When MORE leader Jia Lee rose last night at the Delegate Assembly (the highest policy making body in the UFT) to raise a motion for the UFT to find a way to provide interest free loans to members in need who are on unpaid restoration of health, maternity or child care leaves, Unity decided they would rather score extremely cheap political points and voted against helping their own members in need.
There is a loophole in the 2014 contract that says someone has to be "continuously employed" to receive the retroactive money from 2009-2011 that other city workers received in those years that UFT members will receive piecemeal between now and 2020. Our employer, the Department of Educations-City of New York, interprets continuously employed to mean on payroll.
Our friend John Elfrank, longtime Chapter Leader of Murry Bergtraum High School, is recovering from surgery and on unpaid leave. He came to MORE and told us that it is unconscionable that because someone is on an unpaid leave that they should be told they have to wait for at least two years for the next payout date in 2017 to get retroactive money they worked for from 2009-11. John is taking this up with the Federal Equal Employment Opportunity Commission after being denied money from the Department of Education and denied support from the UFT. He asked MORE's leadership if we would write something for the union to loan people on unpaid leave their retro.
MORE's Steering Committee said yes and asked me to write something up. I had help and inspiration from MORE's Mike Schirtzer, Julie Cavanagh, and Jia Lee along with Elfrank and we wrote the following resolution for the DA.
DA Resolution on Immediate Retroactive Money for UFT Members on Unpaid Leave for Maternity, Child Care and/or Restoration of Health
October 14, 2015
WHEREAS, the United Federation of Teachers has a long history of supporting members in need, and
WHEREAS, the 2014 contract did not cover members on unpaid leave for lump sum payments stemming from the 2009-2011 round (arrears) until they are back on payroll or retire, and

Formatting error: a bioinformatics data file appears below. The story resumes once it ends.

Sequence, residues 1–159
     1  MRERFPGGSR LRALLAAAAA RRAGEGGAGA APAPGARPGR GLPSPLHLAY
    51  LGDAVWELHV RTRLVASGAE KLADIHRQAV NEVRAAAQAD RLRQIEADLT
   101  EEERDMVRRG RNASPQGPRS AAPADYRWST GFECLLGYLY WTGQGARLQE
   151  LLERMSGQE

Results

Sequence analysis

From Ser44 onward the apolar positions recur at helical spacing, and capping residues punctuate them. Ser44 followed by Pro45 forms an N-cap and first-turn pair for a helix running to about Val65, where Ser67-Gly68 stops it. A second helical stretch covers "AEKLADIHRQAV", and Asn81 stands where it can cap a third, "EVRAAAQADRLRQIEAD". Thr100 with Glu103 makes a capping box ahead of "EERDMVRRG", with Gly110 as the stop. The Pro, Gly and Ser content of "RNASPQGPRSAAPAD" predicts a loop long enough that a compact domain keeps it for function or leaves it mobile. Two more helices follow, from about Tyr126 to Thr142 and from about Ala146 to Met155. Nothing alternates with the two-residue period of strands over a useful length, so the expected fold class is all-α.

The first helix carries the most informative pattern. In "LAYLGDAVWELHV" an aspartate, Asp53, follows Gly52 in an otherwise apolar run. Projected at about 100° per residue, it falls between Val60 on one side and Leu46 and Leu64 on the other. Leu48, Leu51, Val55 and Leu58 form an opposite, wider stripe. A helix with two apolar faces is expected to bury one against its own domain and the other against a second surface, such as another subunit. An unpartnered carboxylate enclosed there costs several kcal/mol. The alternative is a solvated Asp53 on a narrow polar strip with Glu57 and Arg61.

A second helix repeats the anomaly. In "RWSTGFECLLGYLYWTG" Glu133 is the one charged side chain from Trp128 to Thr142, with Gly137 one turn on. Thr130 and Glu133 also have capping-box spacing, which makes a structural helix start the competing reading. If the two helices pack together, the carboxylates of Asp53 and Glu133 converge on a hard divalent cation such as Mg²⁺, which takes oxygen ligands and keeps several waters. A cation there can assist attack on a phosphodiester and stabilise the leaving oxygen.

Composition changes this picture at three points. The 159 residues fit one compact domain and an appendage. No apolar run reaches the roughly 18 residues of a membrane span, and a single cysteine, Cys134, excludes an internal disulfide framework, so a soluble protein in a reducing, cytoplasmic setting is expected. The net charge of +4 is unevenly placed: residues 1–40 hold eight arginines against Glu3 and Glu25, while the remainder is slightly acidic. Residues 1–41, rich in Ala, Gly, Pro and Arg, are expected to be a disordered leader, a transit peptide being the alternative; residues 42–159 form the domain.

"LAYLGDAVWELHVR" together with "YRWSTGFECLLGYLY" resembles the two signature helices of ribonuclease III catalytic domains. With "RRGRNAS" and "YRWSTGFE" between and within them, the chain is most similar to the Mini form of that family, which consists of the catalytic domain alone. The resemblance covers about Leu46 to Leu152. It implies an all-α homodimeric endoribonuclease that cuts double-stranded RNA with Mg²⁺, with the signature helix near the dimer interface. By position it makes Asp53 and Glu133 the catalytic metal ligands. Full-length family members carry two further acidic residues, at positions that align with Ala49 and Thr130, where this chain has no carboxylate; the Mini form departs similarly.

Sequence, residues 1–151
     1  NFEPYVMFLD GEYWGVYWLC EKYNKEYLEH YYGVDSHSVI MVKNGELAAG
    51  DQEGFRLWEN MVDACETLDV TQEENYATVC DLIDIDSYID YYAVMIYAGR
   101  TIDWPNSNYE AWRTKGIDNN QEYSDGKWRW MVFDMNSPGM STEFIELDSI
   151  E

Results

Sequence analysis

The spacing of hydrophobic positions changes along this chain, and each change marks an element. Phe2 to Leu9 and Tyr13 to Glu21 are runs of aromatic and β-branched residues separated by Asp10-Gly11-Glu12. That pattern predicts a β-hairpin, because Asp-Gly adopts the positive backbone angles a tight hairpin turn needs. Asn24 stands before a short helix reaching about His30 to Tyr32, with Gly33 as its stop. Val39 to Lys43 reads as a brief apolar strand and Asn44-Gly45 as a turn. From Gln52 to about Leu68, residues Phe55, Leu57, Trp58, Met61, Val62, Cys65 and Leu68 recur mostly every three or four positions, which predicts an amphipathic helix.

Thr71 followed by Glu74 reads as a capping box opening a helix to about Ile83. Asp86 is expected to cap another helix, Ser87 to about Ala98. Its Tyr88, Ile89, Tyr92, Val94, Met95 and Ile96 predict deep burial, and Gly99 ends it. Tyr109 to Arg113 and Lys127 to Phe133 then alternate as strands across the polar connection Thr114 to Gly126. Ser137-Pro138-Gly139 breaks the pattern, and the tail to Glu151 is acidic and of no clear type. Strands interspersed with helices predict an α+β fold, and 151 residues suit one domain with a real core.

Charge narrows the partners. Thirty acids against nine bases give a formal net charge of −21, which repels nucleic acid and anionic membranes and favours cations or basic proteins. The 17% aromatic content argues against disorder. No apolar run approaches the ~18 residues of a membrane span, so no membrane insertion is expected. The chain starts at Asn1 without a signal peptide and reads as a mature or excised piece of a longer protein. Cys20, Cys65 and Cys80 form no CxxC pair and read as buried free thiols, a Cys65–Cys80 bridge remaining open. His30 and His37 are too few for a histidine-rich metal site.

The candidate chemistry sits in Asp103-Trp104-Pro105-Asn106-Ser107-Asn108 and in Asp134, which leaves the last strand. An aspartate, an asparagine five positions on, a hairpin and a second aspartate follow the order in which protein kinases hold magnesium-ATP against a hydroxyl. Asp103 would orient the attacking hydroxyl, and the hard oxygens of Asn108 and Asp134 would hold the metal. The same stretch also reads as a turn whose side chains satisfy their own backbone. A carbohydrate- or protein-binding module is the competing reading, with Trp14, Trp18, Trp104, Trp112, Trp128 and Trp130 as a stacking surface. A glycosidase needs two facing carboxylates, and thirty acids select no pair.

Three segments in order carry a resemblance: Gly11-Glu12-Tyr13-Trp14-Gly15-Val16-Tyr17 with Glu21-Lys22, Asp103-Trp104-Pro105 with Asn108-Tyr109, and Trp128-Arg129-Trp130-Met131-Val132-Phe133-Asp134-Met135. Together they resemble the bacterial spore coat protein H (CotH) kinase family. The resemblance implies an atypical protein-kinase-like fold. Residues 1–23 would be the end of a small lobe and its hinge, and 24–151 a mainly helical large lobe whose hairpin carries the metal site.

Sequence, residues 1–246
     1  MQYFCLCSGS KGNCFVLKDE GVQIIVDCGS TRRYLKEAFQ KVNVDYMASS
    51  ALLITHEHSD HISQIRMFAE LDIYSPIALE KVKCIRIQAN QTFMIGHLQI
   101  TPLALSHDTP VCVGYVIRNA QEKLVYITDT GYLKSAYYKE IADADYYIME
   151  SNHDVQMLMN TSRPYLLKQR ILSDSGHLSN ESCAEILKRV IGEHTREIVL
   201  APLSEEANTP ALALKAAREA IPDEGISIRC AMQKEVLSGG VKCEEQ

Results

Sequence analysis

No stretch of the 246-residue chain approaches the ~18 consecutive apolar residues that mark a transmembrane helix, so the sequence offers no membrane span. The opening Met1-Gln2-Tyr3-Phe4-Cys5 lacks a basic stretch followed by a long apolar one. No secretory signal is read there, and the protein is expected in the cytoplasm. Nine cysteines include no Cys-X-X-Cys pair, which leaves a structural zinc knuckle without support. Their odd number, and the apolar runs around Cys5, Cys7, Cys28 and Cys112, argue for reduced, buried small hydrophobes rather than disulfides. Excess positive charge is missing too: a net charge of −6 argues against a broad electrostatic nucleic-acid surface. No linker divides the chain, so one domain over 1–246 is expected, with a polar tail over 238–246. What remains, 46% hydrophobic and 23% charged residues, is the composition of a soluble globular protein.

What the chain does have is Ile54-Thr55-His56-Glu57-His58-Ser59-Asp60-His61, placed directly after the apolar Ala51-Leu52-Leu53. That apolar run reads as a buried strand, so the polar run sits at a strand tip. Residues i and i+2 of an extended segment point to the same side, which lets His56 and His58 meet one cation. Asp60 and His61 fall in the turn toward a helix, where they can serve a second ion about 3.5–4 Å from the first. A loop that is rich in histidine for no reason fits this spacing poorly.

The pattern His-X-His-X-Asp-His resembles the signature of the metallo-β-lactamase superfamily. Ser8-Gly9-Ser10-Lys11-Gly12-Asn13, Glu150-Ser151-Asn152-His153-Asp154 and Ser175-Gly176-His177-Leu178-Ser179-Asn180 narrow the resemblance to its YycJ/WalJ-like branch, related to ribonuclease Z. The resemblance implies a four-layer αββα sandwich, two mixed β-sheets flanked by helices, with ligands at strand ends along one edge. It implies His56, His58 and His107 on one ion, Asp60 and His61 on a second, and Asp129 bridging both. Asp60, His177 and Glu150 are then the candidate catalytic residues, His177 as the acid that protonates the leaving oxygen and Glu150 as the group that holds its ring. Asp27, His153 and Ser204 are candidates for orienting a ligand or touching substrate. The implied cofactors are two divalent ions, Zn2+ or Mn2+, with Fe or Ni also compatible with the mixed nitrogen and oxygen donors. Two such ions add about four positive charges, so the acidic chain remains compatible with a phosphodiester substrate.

WHEREAS, the City of New York ended the 2015 fiscal year with a $5.9 billion surplus, and
WHEREAS, the first 12.5% of the arrears is scheduled to be paid on October 15, 2015, and
WHEREAS, many of our sisters and brothers on unpaid leaves who will not be receiving the arrears for at least two years are having financial hardships as they are not on payroll, be it therefore
RESOLVED, that the union will immediately petition the city to make no interest loans available to UFT members on unpaid leaves who are not receiving their arrears, and be it further
RESOLVED, that if the city refuses to make these loans available, that the UFT will provide immediate, interest free loans to any member on unpaid leave who applies for one up to the amount of arrears the member on unpaid leave is owed as of October 1, 2015, and be it further
RESOLVED, that if the city refuses to make these loans available and the union does not have the means to provide the loans, the Union will arrange with Amalgamated Bank or another labor friendly institution to make low interest loans available to UFT members on unpaid leave who are not receiving their arrears and the UFT, not the borrowers, will pay the interest.